1
\$\begingroup\$

I have a Li-Ion battery cell, with a given datasheet providing the following discharge curve:

enter image description here

I thought to estimate its DC impedance (resistance) by, at a given capacity, making the ratio between the delta between open voltage vs voltage at given load, and its current. So, considering for example the discharge rate of 1C:

\$ R = \frac{V_{noLoad} - V_{1C}}{I_{1C}} \$;

But considering that from the datasheet I have only the 0.2C as the most light load, I thought to use 0.2C voltages instead of the no load voltage (open voltage):

\$ R = \frac{V_{0.2C} - V_{1C}}{I_{1C} - I_{0.2C}} \$.

I'd like to know if I am completely off-road, and maybe suggestions on the topic. Moreover, analyzing some points at different state of charge and different loads, seems that higher the current, the higher the resistance, as shown also from the curves. But also that with a higher current, the average resistance is lower, despite the increased drop.

It may be not so precise, but it could be useful since I would like to find just an upper and lower bound on the resistance values.

\$\endgroup\$
  • \$\begingroup\$ Just to clarify something, shouldn't the X-axis be Discharge Time in h instead of Discharge Capacity in mAH? \$\endgroup\$ – Macit May 4 '17 at 15:30
  • 1
    \$\begingroup\$ @Majid_L Actually, it's right the way it is. This method lets you more easily compare the discharge characteristics, because it intrinsically scales all of the curves based on how fast you're discharging it. You can easily see, for example, that there's less total energy output by discharging at 2C as opposed to 1C or 0.5C, because the area under the curve is the energy extracted from the battery. \$\endgroup\$ – Hearth May 4 '17 at 15:32
1
\$\begingroup\$

Generally to determine the resistance the cell in question is given a known load, and the voltage across the battery is measured. Comparing the loaded to the unloaded readings the cell's resistance can be calculated.

Generally these tests are done with a DC load but in cases where you need more in depth information AC load tests can be done in a similar manner to determine the overall cell impedance.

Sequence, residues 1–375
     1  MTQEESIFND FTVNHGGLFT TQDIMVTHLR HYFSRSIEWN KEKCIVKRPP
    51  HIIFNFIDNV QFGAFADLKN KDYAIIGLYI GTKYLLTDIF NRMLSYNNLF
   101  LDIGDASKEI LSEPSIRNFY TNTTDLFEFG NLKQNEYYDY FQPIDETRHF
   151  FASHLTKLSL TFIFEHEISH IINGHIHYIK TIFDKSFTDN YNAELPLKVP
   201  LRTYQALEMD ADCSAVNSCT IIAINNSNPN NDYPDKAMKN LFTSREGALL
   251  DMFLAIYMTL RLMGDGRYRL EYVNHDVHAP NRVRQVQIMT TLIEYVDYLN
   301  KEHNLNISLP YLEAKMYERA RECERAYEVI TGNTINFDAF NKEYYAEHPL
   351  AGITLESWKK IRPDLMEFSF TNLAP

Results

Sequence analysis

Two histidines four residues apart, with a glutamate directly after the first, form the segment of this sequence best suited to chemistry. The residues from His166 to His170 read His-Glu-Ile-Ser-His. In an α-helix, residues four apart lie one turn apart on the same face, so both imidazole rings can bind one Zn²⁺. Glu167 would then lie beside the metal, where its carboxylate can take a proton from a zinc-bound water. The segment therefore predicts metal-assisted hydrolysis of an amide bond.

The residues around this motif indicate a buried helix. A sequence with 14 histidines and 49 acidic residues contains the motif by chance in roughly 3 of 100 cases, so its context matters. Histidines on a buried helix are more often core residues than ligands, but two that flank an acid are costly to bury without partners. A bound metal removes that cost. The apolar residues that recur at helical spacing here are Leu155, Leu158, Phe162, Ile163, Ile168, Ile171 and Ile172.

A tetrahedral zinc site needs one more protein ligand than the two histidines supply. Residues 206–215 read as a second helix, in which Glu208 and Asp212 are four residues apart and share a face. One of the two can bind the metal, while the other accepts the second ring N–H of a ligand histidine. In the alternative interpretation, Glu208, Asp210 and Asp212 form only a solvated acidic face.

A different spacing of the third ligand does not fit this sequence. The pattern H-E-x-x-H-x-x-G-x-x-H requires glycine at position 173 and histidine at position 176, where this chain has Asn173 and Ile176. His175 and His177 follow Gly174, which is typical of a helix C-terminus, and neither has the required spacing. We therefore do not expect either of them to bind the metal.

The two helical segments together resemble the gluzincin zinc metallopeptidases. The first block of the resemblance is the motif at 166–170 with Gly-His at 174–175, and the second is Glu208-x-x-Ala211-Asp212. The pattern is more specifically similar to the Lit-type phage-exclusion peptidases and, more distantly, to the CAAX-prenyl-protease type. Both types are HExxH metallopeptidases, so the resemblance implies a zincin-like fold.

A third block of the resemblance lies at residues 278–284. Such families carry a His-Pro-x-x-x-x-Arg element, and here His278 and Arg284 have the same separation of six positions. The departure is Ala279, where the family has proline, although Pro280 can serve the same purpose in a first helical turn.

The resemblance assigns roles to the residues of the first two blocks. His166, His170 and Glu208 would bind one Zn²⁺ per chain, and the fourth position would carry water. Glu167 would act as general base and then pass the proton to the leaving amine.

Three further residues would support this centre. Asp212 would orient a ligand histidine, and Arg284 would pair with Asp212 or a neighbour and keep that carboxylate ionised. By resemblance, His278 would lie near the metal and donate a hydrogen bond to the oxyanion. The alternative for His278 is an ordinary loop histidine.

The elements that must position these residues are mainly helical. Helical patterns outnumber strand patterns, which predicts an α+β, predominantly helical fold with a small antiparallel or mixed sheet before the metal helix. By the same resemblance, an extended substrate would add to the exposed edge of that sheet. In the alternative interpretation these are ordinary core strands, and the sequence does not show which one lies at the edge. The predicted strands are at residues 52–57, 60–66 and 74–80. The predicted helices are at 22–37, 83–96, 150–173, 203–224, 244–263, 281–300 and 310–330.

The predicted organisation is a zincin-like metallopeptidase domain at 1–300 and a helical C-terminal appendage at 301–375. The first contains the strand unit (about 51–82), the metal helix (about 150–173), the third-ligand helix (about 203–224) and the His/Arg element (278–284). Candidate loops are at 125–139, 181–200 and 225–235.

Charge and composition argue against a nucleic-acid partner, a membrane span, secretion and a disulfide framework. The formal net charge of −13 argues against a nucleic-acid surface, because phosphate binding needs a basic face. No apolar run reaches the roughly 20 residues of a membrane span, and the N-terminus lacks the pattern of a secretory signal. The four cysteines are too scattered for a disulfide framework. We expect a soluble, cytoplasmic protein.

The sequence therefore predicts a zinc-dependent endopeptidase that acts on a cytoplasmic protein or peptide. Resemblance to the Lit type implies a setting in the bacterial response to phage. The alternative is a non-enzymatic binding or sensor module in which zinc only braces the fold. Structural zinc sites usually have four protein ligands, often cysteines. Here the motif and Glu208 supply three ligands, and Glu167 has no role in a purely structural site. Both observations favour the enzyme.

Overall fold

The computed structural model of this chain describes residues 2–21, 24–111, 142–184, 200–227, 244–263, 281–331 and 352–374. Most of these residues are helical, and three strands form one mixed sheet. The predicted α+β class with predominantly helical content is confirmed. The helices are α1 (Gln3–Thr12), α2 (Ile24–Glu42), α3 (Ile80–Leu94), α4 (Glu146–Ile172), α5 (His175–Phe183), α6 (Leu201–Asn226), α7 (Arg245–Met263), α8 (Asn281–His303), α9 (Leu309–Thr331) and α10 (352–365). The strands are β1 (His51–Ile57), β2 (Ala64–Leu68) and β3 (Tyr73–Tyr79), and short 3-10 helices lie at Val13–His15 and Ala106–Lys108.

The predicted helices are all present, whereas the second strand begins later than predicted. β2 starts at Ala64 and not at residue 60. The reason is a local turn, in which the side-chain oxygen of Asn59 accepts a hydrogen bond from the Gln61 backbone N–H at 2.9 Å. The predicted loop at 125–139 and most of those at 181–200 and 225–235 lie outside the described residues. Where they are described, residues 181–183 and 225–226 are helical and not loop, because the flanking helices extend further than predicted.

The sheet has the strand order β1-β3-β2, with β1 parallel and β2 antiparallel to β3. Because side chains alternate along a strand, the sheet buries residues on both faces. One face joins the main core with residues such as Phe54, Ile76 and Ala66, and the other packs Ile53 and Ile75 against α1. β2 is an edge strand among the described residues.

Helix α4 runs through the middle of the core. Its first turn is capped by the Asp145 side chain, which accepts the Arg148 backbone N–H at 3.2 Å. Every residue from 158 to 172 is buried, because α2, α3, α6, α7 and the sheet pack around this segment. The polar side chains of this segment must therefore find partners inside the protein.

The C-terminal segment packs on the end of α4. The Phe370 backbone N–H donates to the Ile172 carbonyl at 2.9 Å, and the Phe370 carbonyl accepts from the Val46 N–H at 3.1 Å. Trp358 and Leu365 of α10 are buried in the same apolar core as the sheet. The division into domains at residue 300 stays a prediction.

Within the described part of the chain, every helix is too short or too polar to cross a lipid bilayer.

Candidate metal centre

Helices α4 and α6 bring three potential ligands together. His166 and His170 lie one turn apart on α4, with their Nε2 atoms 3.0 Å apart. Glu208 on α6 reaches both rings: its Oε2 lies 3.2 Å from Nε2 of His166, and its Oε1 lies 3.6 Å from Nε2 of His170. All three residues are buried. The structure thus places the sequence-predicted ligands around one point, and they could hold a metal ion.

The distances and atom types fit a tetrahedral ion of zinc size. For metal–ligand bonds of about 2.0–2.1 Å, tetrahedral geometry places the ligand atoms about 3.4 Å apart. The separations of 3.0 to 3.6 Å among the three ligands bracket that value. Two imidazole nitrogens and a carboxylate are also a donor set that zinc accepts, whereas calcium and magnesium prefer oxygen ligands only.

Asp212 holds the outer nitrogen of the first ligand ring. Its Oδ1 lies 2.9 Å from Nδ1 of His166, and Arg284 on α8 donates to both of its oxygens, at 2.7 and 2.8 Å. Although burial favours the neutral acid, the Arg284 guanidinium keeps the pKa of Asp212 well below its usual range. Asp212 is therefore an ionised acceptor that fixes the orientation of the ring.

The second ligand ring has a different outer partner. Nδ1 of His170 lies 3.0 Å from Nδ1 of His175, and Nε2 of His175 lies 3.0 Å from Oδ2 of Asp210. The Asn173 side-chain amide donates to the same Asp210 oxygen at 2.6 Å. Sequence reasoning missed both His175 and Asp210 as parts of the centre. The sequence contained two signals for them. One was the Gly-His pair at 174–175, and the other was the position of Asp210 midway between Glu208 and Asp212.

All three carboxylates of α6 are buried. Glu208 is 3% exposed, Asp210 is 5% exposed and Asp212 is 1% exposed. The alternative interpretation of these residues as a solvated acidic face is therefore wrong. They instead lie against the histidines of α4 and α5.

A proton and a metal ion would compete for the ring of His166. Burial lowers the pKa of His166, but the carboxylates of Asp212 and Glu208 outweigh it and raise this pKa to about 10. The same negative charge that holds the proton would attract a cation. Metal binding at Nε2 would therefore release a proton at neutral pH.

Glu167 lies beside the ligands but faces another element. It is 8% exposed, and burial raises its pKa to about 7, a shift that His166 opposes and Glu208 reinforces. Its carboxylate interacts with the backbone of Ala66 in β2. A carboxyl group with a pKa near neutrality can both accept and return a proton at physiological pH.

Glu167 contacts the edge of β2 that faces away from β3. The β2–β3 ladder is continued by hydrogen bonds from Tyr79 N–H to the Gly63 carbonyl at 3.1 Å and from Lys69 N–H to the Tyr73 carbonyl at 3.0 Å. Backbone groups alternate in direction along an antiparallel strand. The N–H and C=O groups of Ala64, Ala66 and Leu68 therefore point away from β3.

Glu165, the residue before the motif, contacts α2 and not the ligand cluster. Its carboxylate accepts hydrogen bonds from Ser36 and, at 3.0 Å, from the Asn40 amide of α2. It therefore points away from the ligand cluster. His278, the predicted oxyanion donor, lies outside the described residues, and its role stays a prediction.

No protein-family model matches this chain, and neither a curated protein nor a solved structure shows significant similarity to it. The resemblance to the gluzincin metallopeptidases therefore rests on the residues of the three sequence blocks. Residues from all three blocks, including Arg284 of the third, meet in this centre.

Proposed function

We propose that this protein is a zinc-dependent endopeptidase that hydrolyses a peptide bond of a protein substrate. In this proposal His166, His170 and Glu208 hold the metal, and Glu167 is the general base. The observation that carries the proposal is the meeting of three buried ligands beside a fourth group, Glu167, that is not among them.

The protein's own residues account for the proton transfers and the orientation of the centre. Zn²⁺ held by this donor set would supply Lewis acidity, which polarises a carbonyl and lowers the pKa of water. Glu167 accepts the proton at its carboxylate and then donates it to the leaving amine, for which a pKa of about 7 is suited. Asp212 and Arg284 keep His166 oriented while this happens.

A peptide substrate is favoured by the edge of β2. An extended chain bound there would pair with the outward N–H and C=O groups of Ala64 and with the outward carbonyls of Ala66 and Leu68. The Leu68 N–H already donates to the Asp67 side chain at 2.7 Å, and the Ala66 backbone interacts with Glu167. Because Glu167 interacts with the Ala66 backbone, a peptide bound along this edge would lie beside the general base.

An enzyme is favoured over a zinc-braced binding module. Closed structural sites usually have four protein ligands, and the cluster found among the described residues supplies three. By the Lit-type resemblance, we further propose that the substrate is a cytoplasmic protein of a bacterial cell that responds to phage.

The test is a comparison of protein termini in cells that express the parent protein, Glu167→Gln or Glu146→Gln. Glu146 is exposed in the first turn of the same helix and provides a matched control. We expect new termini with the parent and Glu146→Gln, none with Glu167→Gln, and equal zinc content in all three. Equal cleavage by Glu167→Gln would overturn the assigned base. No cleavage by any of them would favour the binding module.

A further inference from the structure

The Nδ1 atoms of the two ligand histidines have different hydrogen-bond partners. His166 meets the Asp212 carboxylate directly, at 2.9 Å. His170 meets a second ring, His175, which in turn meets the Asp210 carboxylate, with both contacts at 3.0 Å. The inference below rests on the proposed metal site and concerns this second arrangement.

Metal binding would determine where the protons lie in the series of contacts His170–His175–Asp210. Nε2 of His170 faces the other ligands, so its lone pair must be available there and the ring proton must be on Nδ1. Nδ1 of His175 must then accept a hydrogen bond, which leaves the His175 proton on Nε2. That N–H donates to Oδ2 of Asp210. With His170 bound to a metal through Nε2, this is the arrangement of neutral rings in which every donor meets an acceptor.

This battery university article has some more information on the subject: http://batteryuniversity.com/learn/article/how_to_measure_internal_resistance

That site has tons of useful knowledge on batteries in general, definitely worth going through.

\$\endgroup\$
  • \$\begingroup\$ Indeed. But the resistance is not so linear as they said in the article. Ideally, very ideally, I'd like to make an estimation from the datasheet, where they already have made the various measurements and characterizations. \$\endgroup\$ – thexeno May 4 '17 at 21:33
  • \$\begingroup\$ Unless there's some information containing the loaded cell voltage at some known load, there isn't really a way to guess. You can try looking up similar cells to get a possible ballpark. Realistically if you want accurate information however you'll need to do the testing yourself. \$\endgroup\$ – alphasierra May 4 '17 at 23:14
  • \$\begingroup\$ I think that the known load is what shown on the graph. You have some different loads (i.e. some different currents drain from the battery at a given voltage) \$\endgroup\$ – thexeno May 5 '17 at 8:22
1
\$\begingroup\$

Batteries like Caps has ESR which can be measured at DC or some f and not related directly to Capacity from vendor to vendor.

It may be measured by incremental V/I with 1/C load.

ESR rises sharply with <5% SoC and slowly with aging until one cell is dead in a string. 10 mOhm is a nom. value for 18650 cells. Some are better and worse by >50%. Smaller mA capacity LiPo's may be 30 mOhm nom.

Your mileage will vary.

A car battery tested with a cranking amp. CA of 800A is always done at7.5V with 12.5 full,charge thus ESR is 5V/800A =0.63mOhm roughly.

\$\endgroup\$
  • \$\begingroup\$ So, from what I have understood, basically my initial guess-math on impedance (from datasheet plots) was right, i.e. measuring the drop form a given load, considering the difference of the drop between two different loads. Correct? \$\endgroup\$ – thexeno May 10 '17 at 19:00

Your Answer

By clicking “Post Your Answer”, you agree to our terms of service, privacy policy and cookie policy

Not the answer you're looking for? Browse other questions tagged or ask your own question.